Pending home sales declined 8.6% from May nationwide, as rising mortgage rates and housing prices have begun to affect potential buyers, according to a recent report by the National Association of Realtors (NAR).
The numbers coincide with the U.S. Federal Reserve raising its benchmark interest rate by 75 basis points on Wednesday—the second increase in a row of that size—as elevated inflation continued nationwide.
“Inflation remains elevated, reflecting supply and demand imbalances
related to the pandemic, higher food and energy prices, and broader price
pressures,” the Fed said in a statement after a two-day policy meeting,
adding that the central bank is “highly attentive to inflation risks.”
Meanwhile, according to the California Association of Realtors (CAR), home sales slipped as existing, single-family home sales totaled 344,970 in June 2022, on a seasonally adjusted annualized rate, down 8.4 percent from May, and down 20.9 percent from June 2021.
June’s California statewide median home price was $863,790, down 4.0% percent from May and up 5.4% percent from June 2021. Year-to-date statewide home sales were down 10.9 percent in June, according to the CAR. This was a significant drop from the revised record-high of $900,170, which was recorded in May, while the June 2022 price was 5.4 percent higher than the $819,630 recorded in June of 2021, according to the CAR.
According to the report, changes in the median home price were due partly to a change in sales in June, as the number of luxury home sales dipped. The share of million-dollar home sales dipped as sales in the higher-price segment dropped 8.3 percent from the prior month, after a long , steady rise for four consecutive months.
Sales of homes priced $2 million and up, sank 17.9 percent from May 2022, said the CAR.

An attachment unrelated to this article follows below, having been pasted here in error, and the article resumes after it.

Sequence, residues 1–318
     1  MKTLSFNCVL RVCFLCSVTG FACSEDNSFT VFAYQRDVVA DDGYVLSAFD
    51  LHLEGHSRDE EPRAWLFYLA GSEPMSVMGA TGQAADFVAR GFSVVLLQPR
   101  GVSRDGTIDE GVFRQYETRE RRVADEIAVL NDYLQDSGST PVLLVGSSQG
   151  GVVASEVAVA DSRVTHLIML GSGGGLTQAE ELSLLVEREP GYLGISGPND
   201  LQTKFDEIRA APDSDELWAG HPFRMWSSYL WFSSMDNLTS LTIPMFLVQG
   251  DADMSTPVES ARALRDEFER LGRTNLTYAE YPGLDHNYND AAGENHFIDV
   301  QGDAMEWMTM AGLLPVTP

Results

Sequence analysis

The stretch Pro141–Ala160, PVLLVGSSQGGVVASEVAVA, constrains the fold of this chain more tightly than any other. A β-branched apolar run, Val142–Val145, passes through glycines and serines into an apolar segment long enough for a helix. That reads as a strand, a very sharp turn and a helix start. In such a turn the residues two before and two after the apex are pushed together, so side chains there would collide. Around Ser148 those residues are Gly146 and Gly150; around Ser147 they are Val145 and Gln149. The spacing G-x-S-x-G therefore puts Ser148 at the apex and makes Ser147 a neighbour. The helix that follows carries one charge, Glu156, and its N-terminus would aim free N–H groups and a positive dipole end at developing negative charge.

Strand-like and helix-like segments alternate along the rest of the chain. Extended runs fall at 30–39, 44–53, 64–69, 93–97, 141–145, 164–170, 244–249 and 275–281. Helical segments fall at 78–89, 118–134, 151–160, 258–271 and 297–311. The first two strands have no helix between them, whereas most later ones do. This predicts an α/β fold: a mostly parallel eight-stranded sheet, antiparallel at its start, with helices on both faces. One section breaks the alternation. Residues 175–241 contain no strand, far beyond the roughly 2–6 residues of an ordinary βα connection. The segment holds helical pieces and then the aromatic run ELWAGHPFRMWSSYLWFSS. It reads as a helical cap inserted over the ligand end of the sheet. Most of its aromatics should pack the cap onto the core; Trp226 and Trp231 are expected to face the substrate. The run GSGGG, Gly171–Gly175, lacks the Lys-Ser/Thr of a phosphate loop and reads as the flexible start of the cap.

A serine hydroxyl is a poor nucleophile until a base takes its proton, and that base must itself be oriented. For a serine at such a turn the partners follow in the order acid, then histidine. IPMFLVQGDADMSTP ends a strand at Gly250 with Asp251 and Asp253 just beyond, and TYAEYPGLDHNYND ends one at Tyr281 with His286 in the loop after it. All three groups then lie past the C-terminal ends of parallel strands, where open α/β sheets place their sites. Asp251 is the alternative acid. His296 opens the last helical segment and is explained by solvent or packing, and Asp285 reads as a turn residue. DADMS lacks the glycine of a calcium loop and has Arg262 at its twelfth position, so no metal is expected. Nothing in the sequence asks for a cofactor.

Meanwhile, the sub-$500,000 market, of which there may be few in the San Gabriel Valley, increased 2.1 percent on a month-to-month basis in June. Incoming numbers for July could show sharp drops in pending sales in the upper-price segments, which would affect statewide median prices in the upcoming months.
With the West feeling the most impact and the largest monthly decline, sales retreated in all four major regions of the US. Pending sales in the West dropped by nearly a third, compared to 2021, said, the report, while contract signings dropped by double digits in each region.
The Pending Home Sales Index (PHSI), which looks at home sales based on contract signings, dipped 8.6% down to 91.0 in June, while year-over-year transactions shrank 20.0%.
(An index of 100 is equal to the level of contract activity in 2021.)
NAR Chief Economist Lawrence Yun pointed to rising mortgage rates, saying this week, “Contract signings to buy a home will keep tumbling down as long as mortgage rates keep climbing, as has happened this year to date,” but also added, “There are indications that mortgage rates may be topping or very close to a cyclical high in July. If so, pending contracts should also begin to stabilize.”
In actual terms, according to the NAR, buying a home in June of 2002 cost 80% more than in June 2019. In fact, said the NAR report, 25% of buyers who purchased a home three years ago would be unable to do so now because they no longer earn the qualifying income to buy a median-priced home today.
Those figures may or may not bode badly for the rest of 2022, said Yun, adding, “Home sales will be down by 13% in 2022, according to our latest projection.”
But, he added, “With mortgage rates expected to stabilize near 6% and steady job creation, home sales should start to rise by early 2023.”